A model-turned-stylist-turned-product developer, V76 founder and men’s grooming expert Vaughn Acord has been at the forefront of the fashion and beauty industries for decades.
Aug 18 2014
With the resurgence of old-school barbershops sprouting up around the globe, it is only fitting to shine a light on a few of the industry’s top male groomers who keep guys looking sharp, suave and, frankly, cool. We got the chance to grill the best scissor-wielding, clipper-clutching barbers across the country and get their thoughts on everything from facial hair to celebrity styles to the barbershop culture.
We all know a first impression can be a make-it-or-break-it moment, and for Eric DeBella, owner of Philly Bloke, the sophisticated and man-centric hair studio located just a few miles from the heart of Philadelphia, it starts from the hair down. Whether it be a James Dean recreation or a beard trim for the ages, Eric and his well-rounded staff make sure every guy who sits in one of Philly Bloke’s three chairs leaves feeling like a gentleman confident enough to make any impression a success.
How did you get started in men’s grooming?
As a young kid I was into fashion, clothes and hair. My mother worked in a hair salon, and I was always surrounded by people who owned salons and cut hair. But right after high school, I started working for Pepsi. I was there for six years when I finally realized that working there didn’t fit my personality, and that is when I gave the hair industry a try. I went to cosmetology school because I wanted the most well-rounded license that would give me the most opportunities. My goal at the time was to work in the top salons in my area, and that is what I did.
I consider myself a stylist and a barber. I started out with styling, and then moved to barbering, which is a separate craft in itself. It’s really important to know both sides.
What is your favorite part of the barbershop culture you’ve created?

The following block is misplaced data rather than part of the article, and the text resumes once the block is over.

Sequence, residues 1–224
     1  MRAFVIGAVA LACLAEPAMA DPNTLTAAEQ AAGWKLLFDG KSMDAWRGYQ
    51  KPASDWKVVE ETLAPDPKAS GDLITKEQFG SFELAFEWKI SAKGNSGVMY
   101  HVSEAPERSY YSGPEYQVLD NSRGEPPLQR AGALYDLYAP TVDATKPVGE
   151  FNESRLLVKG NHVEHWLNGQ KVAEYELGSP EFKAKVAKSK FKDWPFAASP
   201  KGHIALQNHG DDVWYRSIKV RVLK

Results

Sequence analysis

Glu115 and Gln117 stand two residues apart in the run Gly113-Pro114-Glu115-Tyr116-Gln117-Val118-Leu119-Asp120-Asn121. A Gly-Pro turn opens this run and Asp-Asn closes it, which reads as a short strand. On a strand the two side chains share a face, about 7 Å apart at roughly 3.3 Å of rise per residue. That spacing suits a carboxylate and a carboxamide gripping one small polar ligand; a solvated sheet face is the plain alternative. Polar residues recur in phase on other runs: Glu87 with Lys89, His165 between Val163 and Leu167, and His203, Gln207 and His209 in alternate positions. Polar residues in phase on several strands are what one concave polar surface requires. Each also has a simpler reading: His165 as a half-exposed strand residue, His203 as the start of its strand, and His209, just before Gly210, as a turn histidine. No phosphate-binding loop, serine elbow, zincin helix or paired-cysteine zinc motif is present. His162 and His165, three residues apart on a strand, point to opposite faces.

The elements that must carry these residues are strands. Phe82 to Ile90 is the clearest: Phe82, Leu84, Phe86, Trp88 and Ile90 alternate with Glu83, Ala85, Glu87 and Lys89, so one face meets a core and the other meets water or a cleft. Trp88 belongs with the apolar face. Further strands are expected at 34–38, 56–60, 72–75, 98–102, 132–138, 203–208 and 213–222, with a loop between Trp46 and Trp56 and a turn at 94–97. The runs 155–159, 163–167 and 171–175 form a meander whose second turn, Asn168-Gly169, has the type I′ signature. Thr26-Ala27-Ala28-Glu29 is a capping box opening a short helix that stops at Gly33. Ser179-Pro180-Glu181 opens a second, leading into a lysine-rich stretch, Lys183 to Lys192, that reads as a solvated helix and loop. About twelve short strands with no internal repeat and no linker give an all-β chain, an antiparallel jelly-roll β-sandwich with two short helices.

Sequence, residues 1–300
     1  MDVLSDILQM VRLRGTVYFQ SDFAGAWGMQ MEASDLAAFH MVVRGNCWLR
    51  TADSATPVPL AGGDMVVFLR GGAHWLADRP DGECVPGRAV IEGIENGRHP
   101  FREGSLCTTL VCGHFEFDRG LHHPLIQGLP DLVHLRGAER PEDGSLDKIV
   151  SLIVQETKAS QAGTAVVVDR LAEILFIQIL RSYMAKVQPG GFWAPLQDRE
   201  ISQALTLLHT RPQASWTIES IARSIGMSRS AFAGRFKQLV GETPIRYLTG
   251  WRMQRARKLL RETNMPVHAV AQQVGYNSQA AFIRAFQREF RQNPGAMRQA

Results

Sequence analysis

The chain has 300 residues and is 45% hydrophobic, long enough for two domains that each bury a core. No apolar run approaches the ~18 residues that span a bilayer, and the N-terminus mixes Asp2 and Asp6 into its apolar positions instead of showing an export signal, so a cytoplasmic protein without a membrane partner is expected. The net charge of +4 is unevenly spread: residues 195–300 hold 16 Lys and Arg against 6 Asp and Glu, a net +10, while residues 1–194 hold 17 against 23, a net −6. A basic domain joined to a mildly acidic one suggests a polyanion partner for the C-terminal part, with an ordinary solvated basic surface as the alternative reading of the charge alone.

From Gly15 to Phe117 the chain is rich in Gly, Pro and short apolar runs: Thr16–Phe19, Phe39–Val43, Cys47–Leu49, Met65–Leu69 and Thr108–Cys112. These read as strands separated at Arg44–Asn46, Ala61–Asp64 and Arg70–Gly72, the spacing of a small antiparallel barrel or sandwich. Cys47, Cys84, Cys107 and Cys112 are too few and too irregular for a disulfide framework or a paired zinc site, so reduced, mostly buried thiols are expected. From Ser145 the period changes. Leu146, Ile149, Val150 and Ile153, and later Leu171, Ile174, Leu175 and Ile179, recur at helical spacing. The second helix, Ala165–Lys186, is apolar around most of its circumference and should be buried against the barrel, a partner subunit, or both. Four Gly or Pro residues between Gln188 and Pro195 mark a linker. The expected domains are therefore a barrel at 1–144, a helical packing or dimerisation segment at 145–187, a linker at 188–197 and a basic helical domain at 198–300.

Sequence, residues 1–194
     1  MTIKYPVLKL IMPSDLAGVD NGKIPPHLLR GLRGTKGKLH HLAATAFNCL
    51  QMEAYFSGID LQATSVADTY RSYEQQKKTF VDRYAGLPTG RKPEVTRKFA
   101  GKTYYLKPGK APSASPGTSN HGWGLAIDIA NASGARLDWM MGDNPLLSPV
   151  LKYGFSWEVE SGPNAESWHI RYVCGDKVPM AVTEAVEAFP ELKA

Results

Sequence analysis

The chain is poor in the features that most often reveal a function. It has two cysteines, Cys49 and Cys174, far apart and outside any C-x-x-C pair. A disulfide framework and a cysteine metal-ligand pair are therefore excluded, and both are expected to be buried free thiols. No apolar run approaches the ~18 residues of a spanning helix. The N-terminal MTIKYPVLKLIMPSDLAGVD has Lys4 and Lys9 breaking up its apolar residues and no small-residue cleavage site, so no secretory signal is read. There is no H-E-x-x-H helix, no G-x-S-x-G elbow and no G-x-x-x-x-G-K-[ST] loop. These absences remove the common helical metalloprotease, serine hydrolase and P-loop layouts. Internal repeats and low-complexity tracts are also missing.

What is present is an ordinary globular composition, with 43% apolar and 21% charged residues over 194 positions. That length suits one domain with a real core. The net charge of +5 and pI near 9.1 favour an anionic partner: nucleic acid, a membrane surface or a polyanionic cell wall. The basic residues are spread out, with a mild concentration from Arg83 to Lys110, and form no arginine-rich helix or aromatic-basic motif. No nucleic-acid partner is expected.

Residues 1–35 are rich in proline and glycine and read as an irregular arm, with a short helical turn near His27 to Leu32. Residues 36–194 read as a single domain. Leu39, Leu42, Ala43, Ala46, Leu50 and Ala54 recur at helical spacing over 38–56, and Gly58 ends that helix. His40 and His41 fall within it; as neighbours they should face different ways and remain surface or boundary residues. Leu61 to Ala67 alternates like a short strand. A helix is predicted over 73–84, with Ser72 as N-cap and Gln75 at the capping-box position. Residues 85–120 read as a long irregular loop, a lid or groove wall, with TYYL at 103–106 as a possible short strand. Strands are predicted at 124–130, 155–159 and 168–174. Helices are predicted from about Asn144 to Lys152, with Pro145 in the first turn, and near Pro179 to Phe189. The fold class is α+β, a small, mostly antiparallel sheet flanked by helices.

When I opened Philly Bloke in January 2011, I wanted to create a place that men could call their own. My tagline for the shop is: Your hair, your time, our house—meaning when a guy comes in to Philly Bloke I want it to be an exceptional experience. The name Philly Bloke really represents an identity, for one person it might mean he is a successful business man, for another it could mean he is successful at family life.
Philly Bloke is a blend of both barbering and styling. I look for diversity when hiring because it’s important that we are able to cover all angles.
Why would a guy want to make Philly Bloke his spot?
We are all about being real and genuine. We try to make a lasting impression on every single person who sits in our chairs because, for us, it’s about being personal and professional. Some might say style starts with the shoes up, but I say it starts with the hair down. When you think back on iconic figures—Johnny Cash, James Dean, Elvis—they all have something to do with hair.
Do women ever come into the shop?
Wives of clients come in for the first consultation. Actually, women are big recruiters of my clientele because they seek out business on behalf of their guys. However, none come in for a cut.
You offer a service called “The Bloke Tandem,” where fathers and sons can come in for a cut at the same time. Why it is so important that a father and son visit a barbershop together?
It is their time together to bond. We hope it is something that they can both look forward to and an experience that will help build memories. When you get older you reflect back on life’s memories, and something like this will play a part.
What is one grooming tip every guy should live by?
Every guy should get to know the texture of his hair. Once he knows his texture, he will know what to do with it. For guys with thick, coarse hair, it’s important they don’t shampoo daily. Those guys need moisture. If he has thinner hair, he should know to apply products to dry hair to make it appear thicker and less transparent.
What are your rules when it comes to facial hair?
If a guy is heavier and wants a beard, he should avoid a high, defined line above the chin, which would give him a double chin. That is something to think about when lining up the beard. Also, I believe in sideburns, depending on length. If someone has a thinner face, sideburns can be used to fill out the face and create that oval shape that we desire.
No matter what facial hair you have, try to keep it well groomed. Facial hair on a guy often creates a first impression. If you like to keep it unruly, that says a lot about what you represent.
What is your favorite cut to give?
I’m more of a classic hair cutting stylist/barber—I’ve always loved James Dean’s look. My favorite is a scissor-over-comb cut that builds up to more weight and texture at the top of the head. I have a little bit of ’50s and ’80s in me, so I like a classic cut, as well as a high pompadour.
What do you do when not barbering?
I’m a foodie and movie buff.